Safeway Stores, Inc., 679 F.2d 1293, 1298 (9th Cir.), cert. denied, 459 U.S. 990, 103 S. Ct. 346, 74 L. Ed. 2d 386
(1982). [**6] If bad faith is found, an award of attorneys’ fees is within the district court’s discretion. Id.
In this case the district court found that “[the com- pany] without justification refused to abide by the Award of
Arbitrator Clyde W. Yandell, dated July 15, 1982.” Based on this finding, the Court ordered the company to pay the
sum of $2,406.25 as attorneys’ fees to the union.
The company does not argue that the district court’s “without justification” finding does not equate with the criteria
set forth in Alyeska Pipeline, supra. The compa- ny’s sole argument is that the record does not support the finding
that its refusal to abide by the arbitrator’s award was without justification.
In any event, we agree with other circuits which have confronted this issue and conclude that [HN3] an unjustified
refusal to abide by an arbitrator’s award may equate an act taken in bad faith, vexatiously or for op- pressive reasons.
See, e.g., Int’l Ass’n of Machinists & Aerospace Workers Dist. 776 v. Texas Steel Co., 639 F.2d 279, 283-284 (5th
Cir. 1981); see also Lackawanna Leather Co. v. United Food and Commercial Workers, Dist. 271, 706 F .2d 228
(8th Cir . 1983) [**7] (en banc); cf. Chauffeurs Teamsters and Helpers, Local 765 v. Stroehmann Brothers Co., 625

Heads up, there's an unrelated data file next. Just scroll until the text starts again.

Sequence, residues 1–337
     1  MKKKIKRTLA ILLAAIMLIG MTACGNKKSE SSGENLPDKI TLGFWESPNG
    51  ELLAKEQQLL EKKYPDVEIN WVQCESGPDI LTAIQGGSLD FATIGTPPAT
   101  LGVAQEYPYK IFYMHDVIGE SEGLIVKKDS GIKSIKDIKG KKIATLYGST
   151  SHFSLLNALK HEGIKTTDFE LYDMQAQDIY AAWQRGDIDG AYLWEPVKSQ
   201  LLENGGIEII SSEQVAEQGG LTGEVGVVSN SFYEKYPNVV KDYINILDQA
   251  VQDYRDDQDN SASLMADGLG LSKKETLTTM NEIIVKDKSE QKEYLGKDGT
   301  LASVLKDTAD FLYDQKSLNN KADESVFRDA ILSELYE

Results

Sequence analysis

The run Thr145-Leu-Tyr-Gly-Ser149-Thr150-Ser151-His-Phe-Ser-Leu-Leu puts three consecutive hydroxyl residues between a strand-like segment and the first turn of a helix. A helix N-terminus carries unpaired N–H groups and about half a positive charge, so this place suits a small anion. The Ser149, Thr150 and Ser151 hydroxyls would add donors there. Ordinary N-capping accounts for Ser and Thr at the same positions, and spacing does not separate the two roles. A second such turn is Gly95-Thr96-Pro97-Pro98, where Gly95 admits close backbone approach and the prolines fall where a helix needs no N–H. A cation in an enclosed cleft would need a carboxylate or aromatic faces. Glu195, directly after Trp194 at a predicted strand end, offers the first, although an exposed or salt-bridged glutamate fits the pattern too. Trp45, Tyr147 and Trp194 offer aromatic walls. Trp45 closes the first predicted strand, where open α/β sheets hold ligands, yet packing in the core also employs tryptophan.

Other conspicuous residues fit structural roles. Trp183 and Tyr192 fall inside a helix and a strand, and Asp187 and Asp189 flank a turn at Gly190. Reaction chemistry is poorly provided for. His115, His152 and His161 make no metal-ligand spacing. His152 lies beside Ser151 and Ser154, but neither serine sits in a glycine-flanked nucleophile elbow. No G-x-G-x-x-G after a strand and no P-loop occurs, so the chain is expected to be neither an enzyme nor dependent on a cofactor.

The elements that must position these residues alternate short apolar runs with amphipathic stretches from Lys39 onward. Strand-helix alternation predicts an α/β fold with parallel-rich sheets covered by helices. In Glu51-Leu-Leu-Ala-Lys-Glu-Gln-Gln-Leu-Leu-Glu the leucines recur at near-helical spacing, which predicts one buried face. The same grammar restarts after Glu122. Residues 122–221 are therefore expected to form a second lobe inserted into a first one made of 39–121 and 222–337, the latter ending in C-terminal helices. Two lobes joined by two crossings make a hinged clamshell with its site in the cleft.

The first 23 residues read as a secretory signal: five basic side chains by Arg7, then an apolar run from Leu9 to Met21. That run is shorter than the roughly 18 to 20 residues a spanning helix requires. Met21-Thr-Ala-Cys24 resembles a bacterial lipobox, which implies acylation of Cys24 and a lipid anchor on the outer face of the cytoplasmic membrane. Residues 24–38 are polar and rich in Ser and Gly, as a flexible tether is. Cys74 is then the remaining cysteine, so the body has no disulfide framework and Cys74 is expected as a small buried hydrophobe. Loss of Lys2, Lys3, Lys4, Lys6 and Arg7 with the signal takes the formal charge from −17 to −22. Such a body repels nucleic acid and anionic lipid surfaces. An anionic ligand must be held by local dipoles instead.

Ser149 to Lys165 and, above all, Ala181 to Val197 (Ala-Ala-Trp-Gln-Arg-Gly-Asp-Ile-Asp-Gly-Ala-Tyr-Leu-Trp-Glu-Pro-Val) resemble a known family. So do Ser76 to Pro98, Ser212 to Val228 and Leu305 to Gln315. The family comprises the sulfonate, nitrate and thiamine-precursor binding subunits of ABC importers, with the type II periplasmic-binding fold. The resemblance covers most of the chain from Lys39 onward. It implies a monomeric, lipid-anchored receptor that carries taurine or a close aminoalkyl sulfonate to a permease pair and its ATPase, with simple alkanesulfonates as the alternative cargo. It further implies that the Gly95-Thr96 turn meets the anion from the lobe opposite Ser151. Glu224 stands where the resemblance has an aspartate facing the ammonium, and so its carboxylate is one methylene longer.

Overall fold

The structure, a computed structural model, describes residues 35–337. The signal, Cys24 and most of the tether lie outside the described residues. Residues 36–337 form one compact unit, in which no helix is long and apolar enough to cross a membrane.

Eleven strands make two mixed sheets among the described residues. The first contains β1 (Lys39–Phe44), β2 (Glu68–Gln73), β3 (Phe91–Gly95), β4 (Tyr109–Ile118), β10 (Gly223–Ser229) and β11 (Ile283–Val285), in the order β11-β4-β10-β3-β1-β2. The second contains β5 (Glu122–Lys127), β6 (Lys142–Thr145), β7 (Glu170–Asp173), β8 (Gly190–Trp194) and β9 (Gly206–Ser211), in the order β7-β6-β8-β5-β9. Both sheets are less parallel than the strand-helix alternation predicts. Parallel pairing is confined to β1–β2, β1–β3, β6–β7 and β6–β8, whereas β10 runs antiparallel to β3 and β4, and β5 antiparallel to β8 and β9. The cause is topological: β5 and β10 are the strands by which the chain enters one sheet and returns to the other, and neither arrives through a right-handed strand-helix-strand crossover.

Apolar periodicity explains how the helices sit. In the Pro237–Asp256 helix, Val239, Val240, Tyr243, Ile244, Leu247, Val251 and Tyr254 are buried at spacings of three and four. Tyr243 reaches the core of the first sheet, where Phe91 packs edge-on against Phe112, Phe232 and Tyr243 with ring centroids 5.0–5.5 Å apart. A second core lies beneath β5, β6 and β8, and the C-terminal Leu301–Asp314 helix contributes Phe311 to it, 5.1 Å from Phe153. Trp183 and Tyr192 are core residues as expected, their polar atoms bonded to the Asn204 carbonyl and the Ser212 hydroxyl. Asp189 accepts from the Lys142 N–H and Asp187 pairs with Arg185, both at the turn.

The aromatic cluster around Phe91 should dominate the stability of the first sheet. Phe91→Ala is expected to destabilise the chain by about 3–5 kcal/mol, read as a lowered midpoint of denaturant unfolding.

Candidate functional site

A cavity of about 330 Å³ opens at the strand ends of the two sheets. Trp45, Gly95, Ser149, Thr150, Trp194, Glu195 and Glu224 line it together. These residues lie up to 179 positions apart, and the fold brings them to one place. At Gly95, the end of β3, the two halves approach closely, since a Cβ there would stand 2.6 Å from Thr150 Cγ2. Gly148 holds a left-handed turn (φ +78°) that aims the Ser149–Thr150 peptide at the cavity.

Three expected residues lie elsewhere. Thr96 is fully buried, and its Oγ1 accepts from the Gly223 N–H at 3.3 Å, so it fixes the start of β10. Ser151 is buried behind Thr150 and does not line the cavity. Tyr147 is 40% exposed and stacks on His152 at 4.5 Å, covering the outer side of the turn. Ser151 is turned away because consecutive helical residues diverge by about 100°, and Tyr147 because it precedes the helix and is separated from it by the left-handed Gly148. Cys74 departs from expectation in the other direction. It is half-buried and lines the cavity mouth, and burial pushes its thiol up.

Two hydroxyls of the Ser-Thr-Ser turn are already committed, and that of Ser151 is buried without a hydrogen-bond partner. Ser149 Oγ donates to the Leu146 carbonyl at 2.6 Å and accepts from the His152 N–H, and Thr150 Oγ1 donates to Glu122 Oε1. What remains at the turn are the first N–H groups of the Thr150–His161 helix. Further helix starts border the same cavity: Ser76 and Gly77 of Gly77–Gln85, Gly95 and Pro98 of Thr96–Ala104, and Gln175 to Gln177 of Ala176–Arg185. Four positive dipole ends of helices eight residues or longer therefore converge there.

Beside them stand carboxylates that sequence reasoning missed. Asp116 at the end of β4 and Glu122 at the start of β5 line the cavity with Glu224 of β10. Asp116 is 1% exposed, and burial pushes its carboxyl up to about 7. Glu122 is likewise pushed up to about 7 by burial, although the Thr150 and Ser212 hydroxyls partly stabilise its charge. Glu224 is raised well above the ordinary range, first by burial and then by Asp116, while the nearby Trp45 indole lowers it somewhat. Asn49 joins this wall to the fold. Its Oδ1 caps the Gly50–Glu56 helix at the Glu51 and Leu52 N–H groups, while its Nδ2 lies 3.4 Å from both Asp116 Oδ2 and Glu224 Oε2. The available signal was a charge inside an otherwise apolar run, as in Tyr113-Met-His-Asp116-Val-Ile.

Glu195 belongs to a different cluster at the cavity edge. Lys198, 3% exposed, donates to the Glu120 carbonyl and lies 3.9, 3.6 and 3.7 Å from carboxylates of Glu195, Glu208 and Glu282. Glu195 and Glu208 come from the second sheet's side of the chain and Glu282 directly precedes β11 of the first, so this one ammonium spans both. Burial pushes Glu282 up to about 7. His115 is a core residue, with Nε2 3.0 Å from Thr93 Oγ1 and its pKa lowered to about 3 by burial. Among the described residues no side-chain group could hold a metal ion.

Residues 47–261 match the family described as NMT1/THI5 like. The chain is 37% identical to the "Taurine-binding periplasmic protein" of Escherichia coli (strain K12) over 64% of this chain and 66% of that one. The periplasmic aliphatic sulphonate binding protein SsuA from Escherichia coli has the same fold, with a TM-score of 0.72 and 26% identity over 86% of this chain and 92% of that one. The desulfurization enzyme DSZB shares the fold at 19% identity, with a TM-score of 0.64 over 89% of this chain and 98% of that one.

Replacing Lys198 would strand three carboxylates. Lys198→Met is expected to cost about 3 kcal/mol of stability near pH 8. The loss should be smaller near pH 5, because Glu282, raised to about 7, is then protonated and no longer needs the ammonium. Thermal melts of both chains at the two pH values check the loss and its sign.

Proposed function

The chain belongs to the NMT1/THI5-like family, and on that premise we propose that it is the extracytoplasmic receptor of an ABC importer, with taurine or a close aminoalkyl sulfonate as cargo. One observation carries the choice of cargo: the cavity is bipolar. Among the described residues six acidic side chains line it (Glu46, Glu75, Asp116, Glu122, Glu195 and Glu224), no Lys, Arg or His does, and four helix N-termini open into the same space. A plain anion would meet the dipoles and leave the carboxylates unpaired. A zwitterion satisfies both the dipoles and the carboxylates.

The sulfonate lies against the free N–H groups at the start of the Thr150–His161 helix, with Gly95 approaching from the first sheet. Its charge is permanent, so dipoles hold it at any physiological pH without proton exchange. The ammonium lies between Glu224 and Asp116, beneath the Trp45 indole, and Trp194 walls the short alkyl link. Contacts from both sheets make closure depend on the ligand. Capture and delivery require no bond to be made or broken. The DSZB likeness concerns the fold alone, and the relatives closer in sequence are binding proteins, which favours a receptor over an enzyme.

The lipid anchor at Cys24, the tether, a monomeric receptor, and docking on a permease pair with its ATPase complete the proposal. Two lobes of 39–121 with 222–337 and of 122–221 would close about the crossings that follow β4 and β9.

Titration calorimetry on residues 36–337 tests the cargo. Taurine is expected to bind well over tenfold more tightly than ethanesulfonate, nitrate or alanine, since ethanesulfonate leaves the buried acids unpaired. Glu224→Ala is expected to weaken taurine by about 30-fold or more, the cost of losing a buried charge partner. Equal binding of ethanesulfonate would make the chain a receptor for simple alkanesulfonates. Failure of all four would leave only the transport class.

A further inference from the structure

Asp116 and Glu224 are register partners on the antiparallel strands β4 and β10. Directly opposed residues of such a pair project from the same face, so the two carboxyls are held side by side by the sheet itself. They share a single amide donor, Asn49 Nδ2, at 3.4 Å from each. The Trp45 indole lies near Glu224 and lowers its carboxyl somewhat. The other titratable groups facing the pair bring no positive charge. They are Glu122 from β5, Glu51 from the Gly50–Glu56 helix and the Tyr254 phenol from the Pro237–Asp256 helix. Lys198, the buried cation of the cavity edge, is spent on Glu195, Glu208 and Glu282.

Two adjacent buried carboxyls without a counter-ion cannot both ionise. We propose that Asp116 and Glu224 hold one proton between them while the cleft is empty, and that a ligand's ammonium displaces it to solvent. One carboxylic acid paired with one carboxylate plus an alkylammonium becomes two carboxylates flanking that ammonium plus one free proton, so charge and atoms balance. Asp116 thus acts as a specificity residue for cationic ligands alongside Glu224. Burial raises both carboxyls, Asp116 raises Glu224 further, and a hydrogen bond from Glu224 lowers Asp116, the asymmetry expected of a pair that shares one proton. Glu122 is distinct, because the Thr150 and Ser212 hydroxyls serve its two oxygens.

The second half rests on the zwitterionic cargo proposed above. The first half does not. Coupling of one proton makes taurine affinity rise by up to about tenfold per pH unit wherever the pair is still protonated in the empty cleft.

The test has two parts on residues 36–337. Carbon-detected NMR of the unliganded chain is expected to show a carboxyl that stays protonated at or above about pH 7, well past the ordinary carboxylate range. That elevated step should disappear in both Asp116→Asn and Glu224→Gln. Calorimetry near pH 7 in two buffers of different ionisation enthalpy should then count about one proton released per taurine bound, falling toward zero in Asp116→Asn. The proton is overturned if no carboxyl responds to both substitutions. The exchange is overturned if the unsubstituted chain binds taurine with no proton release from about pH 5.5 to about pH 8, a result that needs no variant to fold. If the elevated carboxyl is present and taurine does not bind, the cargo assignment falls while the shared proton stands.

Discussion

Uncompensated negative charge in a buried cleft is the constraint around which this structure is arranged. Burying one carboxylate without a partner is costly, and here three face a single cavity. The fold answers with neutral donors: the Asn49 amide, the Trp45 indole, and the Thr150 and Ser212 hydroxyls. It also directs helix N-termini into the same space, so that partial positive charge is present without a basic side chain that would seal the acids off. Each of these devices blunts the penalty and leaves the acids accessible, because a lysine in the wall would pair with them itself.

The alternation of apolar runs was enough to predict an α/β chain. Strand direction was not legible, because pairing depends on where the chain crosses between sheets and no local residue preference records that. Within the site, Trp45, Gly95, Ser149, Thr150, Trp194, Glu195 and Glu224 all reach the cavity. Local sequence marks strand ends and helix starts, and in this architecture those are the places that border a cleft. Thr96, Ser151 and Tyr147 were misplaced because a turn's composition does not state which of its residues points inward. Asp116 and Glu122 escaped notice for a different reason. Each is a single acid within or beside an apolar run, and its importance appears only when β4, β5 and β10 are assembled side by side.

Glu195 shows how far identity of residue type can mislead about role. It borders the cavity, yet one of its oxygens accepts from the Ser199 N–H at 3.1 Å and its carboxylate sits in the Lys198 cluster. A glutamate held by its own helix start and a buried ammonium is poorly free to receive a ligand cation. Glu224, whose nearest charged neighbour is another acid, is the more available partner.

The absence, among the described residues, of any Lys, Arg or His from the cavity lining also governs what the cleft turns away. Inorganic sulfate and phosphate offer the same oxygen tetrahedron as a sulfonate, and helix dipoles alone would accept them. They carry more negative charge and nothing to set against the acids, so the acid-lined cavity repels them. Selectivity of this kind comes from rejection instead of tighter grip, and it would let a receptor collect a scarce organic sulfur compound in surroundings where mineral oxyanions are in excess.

F.2d 1092, 1094 (3d Cir. 1980). It is clear that bad faith supporting an award of attorneys’ fees may be found in
conduct that led to the lawsuit or in conduct occurring during the course of the action. Hall v. Cole, 412 U.S. 1, 15,
36 L. Ed. 2d 702, 93 S. Ct. 1943 (1973); Dogherra v. Safeway Stores, Inc., 679 F.2d at 1298. Moreover, “bad faith
may be demonstrated by showing that a defendant’s obstinancy in granting a plaintiff his clear legal rights
necessitated resort to legal action with all the expense and delay en- tailed in litigation.” Huecker v. Milburn, 538
F.2d 1241, 1245 n.9 (6th Cir. 1976). The award of attorneys’ fees in the latter context satisfies a dual purpose -deterrence and compensation. The threat of an award of attorneys’ fees tends to deter frivolous dilatory tactics. The
award also compensates a plaintiff “for the added expense of having to vindicate clearly established rights in court.”
Id.
These considerations are particularly apt in the con- text of labor arbitration. It is generally [**8] recog- nized that
[HN4] labor arbitration advances the goal of industrial stabilization. See United Steelworkers of America v. Warrior